In 2017, Caitlin Long, a former managing director at Morgan Stanley, was just trying to donate some Bitcoin to her alma mater, the University of Wyoming, she says. But the University of Wyoming wasn’t set up to accept Bitcoin donations, and because her Bitcoin had appreciated in value, her donation would go much further if she didn’t need to convert it to cash first.

The problem, Long realized, wasn’t specific to the university—instead, it had to do with the state’s restrictive money transmitter law. By Long’s account, what started as simple attempt to give back to her home state ended with her leading a charge to completely change how Bitcoin and other cryptocurrencies were regulated in Wyoming. That campaign would make the state an oasis for America’s crypto speculators, and, not incidentally, lead Long to start her own Wyoming-based crypto bank, making use of a new type of bank charter, the rules of which she helped to craft.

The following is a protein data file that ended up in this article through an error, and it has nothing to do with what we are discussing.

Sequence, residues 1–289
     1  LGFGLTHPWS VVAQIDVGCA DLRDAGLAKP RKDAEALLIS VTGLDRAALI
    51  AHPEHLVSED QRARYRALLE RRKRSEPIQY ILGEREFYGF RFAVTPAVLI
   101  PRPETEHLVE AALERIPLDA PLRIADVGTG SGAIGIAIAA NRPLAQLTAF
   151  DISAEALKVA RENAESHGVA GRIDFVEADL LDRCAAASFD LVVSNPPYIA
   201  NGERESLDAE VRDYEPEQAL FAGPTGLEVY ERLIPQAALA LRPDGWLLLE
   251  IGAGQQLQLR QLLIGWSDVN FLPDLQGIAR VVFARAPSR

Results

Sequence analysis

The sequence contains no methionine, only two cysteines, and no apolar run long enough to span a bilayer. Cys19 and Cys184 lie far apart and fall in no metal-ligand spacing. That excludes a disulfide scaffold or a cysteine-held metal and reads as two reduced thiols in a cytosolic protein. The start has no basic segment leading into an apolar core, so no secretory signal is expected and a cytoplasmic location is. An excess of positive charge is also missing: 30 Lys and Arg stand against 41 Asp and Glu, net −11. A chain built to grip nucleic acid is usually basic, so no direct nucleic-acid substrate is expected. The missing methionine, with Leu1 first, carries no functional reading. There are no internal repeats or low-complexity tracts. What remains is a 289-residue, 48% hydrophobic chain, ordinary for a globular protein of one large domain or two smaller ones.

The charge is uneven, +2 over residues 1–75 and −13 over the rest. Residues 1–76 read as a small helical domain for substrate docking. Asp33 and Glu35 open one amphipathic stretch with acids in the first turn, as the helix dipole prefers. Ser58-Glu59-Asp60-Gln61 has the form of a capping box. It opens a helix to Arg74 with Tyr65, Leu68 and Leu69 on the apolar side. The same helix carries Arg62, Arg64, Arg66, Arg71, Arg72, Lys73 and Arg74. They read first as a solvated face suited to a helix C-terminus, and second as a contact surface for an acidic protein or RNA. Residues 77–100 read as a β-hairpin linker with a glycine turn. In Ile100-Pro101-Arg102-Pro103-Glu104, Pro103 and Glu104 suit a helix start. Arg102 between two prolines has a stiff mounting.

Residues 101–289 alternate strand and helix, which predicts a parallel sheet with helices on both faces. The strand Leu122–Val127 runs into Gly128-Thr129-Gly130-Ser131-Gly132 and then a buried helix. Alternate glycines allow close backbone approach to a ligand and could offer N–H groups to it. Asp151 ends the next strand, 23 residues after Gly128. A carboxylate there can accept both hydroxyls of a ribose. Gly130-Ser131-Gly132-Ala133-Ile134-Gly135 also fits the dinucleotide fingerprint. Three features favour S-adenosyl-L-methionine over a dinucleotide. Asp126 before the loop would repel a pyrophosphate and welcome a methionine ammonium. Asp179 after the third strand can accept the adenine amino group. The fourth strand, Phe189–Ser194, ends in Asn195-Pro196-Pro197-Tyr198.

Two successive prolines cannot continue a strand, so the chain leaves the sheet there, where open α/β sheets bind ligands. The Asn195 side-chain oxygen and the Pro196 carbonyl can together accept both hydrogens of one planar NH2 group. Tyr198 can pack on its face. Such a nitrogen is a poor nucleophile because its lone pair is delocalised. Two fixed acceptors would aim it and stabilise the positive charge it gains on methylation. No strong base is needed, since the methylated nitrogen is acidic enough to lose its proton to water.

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Although other states may follow suit (Texas is already starting to make moves), Wyoming has pulled out far ahead of the rest of the country in opening the door to new types of cryptocurrencies businesses. Whether that’s a good thing or a bad thing depends a lot on
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